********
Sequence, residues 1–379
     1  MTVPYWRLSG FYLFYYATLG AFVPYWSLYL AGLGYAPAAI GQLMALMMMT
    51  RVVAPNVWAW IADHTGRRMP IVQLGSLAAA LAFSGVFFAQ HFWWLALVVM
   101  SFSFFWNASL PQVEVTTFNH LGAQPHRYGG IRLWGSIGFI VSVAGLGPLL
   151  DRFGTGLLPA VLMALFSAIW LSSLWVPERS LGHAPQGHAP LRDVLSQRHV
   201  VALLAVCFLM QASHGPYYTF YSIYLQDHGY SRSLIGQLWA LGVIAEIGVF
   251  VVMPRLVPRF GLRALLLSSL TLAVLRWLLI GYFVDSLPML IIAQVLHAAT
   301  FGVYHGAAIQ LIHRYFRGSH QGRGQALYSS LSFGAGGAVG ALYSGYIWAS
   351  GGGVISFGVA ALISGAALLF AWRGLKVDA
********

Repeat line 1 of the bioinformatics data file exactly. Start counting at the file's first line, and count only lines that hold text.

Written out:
Sequence, residues 1–379